Claudius was a heretic in the view of Dungal and Jonas of Orléans, who later wrote to refute some of his teachings at the request of the emperor.[3] The last recorded act of Claudius is in a charter of the monastery of St Peter at Novalesa in May 827.[1] He was dead by the time Dungal finished his Responsa contra peruersas Claudii Taurinensis episcopi sententias late in 827, so it is presumable that he died that year.[1]

Writings[edit]

Claudius would have had access to books such as the Aachen Gospels when writing his commentaries.

Claudius was both an author and a copyist.[9] Although most of his extant works are simple biblical commentaries, his writings are very personal. He had a penchant for divulging detail in an age when brevity and anonymity were more common.[6] Around 811, Claudius prepared an exhaustive and encyclopaedic commentary on the Book of Genesis at the request of the emperor.[1] This commentary was edited by Johann Alexander Brassicanus in Vienna before it was first printed in Basel by Hieronymus Froben in 1531.[1]

Claudius also wrote commentaries on the books of Leviticus, the historical books of the Old Testament, the Gospel of Matthew, and all Pauline epistles, of which the commentary on the Epistle to Galatians shows some of his views prefigure those expressed by both the Waldensians and Protestants centuries later. It was once thought that he had in fact founded the Waldensians,[3] however this was disproven in the 19th century. His epistles on 1 and 2 Corinthians, however, dedicated to Theodemir, Abbot of Psalmody, and a possible student of his, were sent to Aachen by the dedicatee to be condemned by the assembled bishops of the realm.[9] The Corinthian commentaries were unpublished, though it was they that sparked the controversy concerning icons and pilgrimages.[2]

Claudius introduced the "organic metaphor" of the state in his commentary on 1 Corinthians. He proposed that, as the church was the body of Christ, so the state was the body of the emperor.[10] The imperial court would have been familiar with the work because Claudius later wrote that it had been well–received despite the attempts of his former friend, Theodemir of Nismes, to have it condemned as heretical. None of Claudius' works were ever condemned and he tried unsuccessfully to regain Theodemir's approval, but eventually had to pen a well known apology directed against Theodemir's persistent attacks.[11]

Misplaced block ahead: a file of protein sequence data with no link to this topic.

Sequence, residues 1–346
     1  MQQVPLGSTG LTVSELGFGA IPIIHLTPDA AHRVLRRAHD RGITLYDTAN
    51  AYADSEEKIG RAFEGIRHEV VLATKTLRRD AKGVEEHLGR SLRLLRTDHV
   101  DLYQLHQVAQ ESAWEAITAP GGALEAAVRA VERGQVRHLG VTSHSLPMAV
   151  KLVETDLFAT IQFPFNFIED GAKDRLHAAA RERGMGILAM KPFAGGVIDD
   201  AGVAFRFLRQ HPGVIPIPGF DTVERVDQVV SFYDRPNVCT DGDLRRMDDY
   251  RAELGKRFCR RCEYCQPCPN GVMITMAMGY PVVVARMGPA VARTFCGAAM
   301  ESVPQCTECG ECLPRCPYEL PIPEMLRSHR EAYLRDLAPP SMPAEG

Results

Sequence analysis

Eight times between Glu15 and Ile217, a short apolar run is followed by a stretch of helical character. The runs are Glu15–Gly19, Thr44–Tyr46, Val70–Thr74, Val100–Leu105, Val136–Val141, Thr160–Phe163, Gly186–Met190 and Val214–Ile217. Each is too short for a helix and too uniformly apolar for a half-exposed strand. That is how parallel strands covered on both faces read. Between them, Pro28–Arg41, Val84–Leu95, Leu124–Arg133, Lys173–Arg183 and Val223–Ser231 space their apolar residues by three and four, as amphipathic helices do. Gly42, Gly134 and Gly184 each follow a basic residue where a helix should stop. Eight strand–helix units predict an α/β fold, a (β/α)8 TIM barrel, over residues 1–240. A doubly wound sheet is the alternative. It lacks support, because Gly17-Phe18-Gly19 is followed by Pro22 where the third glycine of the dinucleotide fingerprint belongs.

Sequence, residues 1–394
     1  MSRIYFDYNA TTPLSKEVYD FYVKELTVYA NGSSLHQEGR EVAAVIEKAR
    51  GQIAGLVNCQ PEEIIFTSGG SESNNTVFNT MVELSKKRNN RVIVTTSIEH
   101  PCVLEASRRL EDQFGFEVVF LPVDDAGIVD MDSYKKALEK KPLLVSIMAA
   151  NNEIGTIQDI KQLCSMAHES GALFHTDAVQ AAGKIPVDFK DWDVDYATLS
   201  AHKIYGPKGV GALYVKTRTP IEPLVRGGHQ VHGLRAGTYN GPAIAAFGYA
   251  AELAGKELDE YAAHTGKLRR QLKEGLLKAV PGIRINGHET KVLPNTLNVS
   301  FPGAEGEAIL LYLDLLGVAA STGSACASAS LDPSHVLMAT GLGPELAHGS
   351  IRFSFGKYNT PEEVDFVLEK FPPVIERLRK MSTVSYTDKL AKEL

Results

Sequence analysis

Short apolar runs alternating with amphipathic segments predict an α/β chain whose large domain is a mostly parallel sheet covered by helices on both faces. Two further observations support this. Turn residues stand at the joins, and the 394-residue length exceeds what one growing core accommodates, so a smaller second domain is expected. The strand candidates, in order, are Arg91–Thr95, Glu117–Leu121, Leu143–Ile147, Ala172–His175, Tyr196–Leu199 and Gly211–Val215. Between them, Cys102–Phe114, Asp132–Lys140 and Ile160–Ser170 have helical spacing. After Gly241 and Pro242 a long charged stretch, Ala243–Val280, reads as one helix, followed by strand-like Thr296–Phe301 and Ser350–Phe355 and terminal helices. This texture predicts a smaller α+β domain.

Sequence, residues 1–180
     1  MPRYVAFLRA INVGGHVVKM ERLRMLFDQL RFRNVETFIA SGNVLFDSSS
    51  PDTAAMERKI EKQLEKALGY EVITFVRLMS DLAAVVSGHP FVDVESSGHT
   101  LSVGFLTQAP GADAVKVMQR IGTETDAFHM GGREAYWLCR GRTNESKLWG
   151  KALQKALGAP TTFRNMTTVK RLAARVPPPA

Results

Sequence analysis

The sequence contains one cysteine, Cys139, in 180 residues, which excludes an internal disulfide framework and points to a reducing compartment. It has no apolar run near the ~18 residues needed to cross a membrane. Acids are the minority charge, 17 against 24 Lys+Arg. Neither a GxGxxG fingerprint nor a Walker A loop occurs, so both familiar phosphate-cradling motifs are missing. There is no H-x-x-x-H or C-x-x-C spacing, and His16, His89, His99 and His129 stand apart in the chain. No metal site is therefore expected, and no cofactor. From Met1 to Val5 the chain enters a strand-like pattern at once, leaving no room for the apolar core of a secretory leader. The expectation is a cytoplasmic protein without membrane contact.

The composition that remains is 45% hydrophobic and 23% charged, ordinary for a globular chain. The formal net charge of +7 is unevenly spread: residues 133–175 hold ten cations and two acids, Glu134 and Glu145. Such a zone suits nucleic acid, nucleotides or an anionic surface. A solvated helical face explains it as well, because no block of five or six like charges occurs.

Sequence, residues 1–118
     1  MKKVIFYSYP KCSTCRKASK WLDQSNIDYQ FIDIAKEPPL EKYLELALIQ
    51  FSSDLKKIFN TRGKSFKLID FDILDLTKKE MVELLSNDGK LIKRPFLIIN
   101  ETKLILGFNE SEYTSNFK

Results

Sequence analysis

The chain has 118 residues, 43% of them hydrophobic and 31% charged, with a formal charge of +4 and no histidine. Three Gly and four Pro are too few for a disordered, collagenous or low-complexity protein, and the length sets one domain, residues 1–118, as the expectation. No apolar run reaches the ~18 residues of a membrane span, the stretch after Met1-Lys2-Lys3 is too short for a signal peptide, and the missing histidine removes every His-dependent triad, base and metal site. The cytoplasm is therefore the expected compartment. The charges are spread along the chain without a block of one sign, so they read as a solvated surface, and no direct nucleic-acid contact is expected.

In 1950, Claudius was identified by P. Bellet as the author of some works previously attributed to Pseudo-Eucherius.[12]

References[edit]

Notes[edit]

  1. ^ a b c d e f g M. Gorman 1997, p. 279
  2. ^ a b S. F. Wemple 1974, p. 222
  3. ^ a b c d e f g F. L. Cross; E. A. Livingstone, eds. (13 March 1997). The Oxford Dictionary of the Christian Church, 3rd edition. USA: Oxford University Press. p. 359. ISBN 0-19-211655-X. 
  4. ^ "Diocesan Museum of Urgell". r. Retrieved 2007-08-22. 
  5. ^ a b c M. Gorman 1997, p. 280.
  6. ^ a b c d M. Gorman 1997, p. 281.
  7. ^ Holmes, George (1992). The Oxford History of the Medieval Europe. Oxford University Press. p. 98. ISBN 0-19-285272-8. 
  8. ^ Deanesly, Margaret (1969). History of Early Medieval Europe 476–911. London: Methuen & Co Ltd. pp. 434–435. ISBN 0-416-29970-9. 
  9. ^ a b c M. Gorman 1997, p. 282.
  10. ^ S. F. Wemple 1974, p. 224.
  11. ^ M. Gorman 1997, p. 283.
  12. ^ P. Bellet (1950) 'Claudio de Turin, autor de los comentarios "In genesim et regum" del Pseudo Euquerio', in Estudios Biblicos 9, pp. 209-23

Sources[edit]

  • Gorman, Michael (April 1997). "The Commentary on Genesis of Claudius of Turin and Biblical Studies under Louis the Pious". Speculum (Speculum, Vol. 72, No. 2) 72 (2): 279–329. doi:10.2307/3040972. JSTOR 3040972. 
  • Wemple, Suzanne F. (April 1974). "Claudius of Turin's Organic Metaphor or the Carolingian Doctrine of Corporations". Speculum (Speculum, Vol. 49, No. 2) 49 (2): 222–237. doi:10.2307/2856041. JSTOR 2856041. 

External links[edit]